6) No one ascribes the responsibility of man’s sin to God. Rather, God created Adam, not with a “free will”, but with a “trust”, which even the skies and mountains were fearfull of taking, (33:72-73). Adam’s violation of this trust resulted in him being called “unjust, heedless”. So that God now must bring punishment on all who do not trust/believe in Him (see the lam of purpose before yAAthibu Allah at 33:73). Or as another has posted, in this thread: Adam had the ability to choose between good/evil freely, that is without him being inclined to evil; yet his will was not somehow independent of God’s will.

        7) Yet, even if men had your “free will”, God is still “responsible”, because, as you say: “Allah is omniscient and therefore knows in advance what their FREE WILLED actions will be”. For, He knew prior to creating man, what their “free wills” would do and that some would be in hell eternally; thus, he could have chosen NOT to create. So you see, your “free will” doctrine cannot escape the same criticism.

        I will conclude this by saying, with all respect, that your article has not even begun to deal with the numerous verses that clearly deny any freedom of man’s will, apart from God’s will. In addition, you are highly dependant on importing ideas into your own “proof texts” which are nowhere to be found; so that from a simple statement, such as “let whoever will believe”, you have “deduced” a complete non sequitur; that is, your conclusion does not follow from your premise. Finally, you do not address the Quranic description of man, which would eliminate any strawman arguments about an “unjust/unfair” God who “intentionally misguides” people, who are at worst ” morally neutral”. To the contrary, man is zalum (unjust/evil/in darkness; 33:72) and God does not love “al zalimeena” (3:57) that’s why God must take believers out of zalum and bring them into the light (65:11, 33:43). These things all being done freely by God.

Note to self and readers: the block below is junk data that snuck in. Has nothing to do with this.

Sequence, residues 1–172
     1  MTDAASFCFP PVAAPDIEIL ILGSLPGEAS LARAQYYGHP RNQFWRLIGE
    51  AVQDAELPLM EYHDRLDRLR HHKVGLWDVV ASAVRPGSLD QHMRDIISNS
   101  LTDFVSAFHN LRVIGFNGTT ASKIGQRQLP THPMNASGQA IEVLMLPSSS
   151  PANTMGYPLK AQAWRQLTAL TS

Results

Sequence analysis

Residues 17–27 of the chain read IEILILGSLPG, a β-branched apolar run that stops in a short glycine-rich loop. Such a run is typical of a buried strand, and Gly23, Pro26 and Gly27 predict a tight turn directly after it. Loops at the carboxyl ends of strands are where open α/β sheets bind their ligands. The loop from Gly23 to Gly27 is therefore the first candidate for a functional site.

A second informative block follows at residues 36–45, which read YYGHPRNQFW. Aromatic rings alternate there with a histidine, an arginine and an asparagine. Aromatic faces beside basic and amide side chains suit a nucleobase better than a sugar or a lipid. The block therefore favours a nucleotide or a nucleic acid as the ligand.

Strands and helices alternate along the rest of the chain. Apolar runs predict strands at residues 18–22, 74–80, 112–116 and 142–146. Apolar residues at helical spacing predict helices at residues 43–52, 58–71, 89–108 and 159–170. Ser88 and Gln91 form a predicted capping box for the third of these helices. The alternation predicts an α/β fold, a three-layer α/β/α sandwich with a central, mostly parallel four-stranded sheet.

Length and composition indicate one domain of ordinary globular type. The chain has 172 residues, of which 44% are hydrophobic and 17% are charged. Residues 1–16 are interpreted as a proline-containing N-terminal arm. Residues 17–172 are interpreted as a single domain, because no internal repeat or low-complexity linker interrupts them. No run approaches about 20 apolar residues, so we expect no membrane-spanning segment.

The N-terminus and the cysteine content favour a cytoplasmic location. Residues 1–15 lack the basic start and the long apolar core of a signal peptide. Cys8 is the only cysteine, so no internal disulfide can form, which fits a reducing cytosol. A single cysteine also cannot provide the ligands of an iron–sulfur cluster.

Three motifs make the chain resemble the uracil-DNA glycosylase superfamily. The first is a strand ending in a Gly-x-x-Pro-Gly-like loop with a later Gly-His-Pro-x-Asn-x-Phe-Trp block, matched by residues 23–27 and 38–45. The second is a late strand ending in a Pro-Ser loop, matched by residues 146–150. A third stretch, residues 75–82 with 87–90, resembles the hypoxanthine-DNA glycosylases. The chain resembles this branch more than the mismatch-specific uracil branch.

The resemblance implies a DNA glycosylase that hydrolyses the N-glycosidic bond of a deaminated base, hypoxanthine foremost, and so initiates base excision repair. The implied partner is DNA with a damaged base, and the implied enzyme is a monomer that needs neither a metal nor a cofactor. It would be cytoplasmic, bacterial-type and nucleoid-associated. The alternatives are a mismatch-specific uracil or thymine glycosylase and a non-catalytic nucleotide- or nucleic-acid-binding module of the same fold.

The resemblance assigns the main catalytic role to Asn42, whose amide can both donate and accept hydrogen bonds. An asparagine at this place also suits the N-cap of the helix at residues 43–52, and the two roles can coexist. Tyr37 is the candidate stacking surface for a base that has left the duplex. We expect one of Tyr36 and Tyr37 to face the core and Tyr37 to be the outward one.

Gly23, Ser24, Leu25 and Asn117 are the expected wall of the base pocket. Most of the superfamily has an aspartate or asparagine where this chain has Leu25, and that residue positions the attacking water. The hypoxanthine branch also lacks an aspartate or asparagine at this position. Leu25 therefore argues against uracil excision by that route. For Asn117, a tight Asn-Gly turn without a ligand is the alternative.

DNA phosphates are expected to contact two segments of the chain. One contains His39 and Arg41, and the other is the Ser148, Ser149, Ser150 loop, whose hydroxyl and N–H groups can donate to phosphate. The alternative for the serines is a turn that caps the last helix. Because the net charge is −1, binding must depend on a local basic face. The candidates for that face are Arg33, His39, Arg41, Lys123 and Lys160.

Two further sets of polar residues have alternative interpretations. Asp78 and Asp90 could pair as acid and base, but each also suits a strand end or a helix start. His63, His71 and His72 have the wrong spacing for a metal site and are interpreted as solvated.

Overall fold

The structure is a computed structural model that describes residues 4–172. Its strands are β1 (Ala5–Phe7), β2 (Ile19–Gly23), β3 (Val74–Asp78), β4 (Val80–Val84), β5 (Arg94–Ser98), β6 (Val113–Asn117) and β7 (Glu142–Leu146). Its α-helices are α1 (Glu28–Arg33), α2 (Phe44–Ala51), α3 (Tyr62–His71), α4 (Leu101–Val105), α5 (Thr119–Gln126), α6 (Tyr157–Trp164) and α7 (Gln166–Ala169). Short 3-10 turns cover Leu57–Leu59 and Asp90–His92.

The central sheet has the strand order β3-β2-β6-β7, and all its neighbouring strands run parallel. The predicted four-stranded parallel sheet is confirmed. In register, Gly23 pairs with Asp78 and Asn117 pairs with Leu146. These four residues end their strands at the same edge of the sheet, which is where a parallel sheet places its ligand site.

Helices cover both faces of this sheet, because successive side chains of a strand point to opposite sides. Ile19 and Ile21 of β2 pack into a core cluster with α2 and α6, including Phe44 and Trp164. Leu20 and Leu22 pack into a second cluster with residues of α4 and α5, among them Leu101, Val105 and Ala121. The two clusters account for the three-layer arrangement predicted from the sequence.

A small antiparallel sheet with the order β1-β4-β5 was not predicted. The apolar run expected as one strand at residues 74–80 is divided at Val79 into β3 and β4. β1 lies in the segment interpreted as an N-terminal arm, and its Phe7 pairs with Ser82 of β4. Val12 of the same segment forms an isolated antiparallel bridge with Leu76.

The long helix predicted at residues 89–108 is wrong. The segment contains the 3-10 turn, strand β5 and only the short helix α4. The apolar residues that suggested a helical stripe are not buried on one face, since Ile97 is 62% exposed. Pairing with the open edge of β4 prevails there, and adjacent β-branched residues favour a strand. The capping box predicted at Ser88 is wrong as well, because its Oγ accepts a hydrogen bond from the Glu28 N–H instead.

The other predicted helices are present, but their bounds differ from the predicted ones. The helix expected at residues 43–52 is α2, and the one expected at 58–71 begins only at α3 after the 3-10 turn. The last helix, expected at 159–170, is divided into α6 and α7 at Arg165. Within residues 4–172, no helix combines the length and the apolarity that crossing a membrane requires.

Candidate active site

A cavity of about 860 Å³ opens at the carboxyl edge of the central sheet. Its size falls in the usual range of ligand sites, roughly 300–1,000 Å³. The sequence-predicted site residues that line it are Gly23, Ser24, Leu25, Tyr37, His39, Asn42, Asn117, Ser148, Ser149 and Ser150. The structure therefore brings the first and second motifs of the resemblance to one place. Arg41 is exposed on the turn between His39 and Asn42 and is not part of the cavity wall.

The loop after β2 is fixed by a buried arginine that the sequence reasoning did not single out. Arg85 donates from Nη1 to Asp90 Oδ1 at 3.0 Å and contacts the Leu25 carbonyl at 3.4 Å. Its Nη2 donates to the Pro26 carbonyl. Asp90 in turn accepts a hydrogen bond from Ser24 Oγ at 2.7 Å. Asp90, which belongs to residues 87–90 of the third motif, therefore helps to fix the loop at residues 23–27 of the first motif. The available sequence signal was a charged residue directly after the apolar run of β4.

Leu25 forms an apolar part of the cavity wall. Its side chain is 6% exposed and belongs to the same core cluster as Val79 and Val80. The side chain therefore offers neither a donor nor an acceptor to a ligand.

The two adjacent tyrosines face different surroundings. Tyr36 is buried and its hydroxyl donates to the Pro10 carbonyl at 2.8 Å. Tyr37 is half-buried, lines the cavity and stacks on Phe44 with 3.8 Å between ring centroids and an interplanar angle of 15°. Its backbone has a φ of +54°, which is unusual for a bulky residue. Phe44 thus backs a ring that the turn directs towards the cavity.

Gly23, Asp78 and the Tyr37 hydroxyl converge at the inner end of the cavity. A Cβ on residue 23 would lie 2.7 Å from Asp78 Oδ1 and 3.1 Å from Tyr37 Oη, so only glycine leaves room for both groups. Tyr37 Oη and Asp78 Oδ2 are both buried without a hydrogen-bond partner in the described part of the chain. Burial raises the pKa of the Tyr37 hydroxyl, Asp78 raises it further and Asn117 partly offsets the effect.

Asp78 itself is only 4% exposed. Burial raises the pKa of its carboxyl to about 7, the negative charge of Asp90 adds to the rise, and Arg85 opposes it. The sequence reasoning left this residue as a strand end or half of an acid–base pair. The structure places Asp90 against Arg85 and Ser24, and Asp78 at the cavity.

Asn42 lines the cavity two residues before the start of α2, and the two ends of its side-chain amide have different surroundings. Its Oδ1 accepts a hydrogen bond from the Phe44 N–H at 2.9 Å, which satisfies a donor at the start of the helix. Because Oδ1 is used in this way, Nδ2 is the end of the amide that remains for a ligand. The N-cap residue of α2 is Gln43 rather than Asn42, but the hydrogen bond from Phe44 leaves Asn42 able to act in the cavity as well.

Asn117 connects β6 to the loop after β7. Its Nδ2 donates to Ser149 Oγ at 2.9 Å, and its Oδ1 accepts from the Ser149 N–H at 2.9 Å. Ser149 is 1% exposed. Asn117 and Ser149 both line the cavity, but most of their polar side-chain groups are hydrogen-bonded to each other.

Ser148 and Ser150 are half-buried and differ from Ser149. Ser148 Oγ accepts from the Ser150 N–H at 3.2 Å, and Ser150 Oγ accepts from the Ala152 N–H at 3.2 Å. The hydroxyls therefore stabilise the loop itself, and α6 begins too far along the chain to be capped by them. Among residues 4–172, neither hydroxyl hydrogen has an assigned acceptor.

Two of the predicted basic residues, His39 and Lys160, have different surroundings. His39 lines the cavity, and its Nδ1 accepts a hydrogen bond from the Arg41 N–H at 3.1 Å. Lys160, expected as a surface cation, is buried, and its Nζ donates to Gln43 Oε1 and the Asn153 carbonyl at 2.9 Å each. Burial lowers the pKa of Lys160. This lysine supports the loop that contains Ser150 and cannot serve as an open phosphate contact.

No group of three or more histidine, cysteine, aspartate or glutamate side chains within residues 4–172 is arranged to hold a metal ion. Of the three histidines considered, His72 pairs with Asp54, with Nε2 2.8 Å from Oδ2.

5. Answer 1: The purpose of election is the glory of God. Therefore he chooses based not upon arbitrary pointing but upon his own good pleasure. I am sure you have done things that often appeared arbitrary to those who did not understand or know what you were doing, until the purpose was complete. Read Romans 9:18-23 for more on this.

    Answer 2: This commits what is known as the equal-ultimacy fallacy and is also covered in Romans 9:18-23.

    Answer 3: How do you know if you are elected? By looking to Christ. You must remember that we were chosen in Christ Jesus before the foundation of the world. God ordained that our election be by the means of Christ and him Crucified. The only way to be sure of our election is to repent and believe in Christ as our savior, and by faith look to him as the assurance of your calling. The only way to be elect is if Christ saved you, the only way to know is faith, which is a gift of God. How you know you’re elected, and how God knows you are elected are two different things.

    Answer 4: No, none of us were seeking God when he found us. John teaches us that we cannot even see the kingdom of God before we are born again from above. Paul tells us we were dead men whom God made alive in Christ Jesus. It is hard for a dead man to seek anything, but once made alive that man can repent and seek forgiveness.

    Answer 5: This comes from a fundamental misunderstanding of irresistible grace, probably brought about by the name of the tulip loving Dutch. Irresistible grace does not mean that it cannot be resisted but that it can overcome all resistances. Once we settle this we realize the absurdity of this question. Allow me to rephrase: ‘Is it simply too difficult for God to overcome an unregenerate sinner’s resistance to receive Him, without overcoming an unregenerate sinner’s resistance to receive Him?’ Proverbs 18:17

    Soli Deo Gloria

  6. You Christians don’t understand that he’s not asking questions, he’s attempting to knock down your faith.
    Slave of Allah, repent of your wickedness and turn to Christ that He may save you. Believe in Him and He will adopt you as a son.
    Repent not, and He will destroy you in fire for all eternity.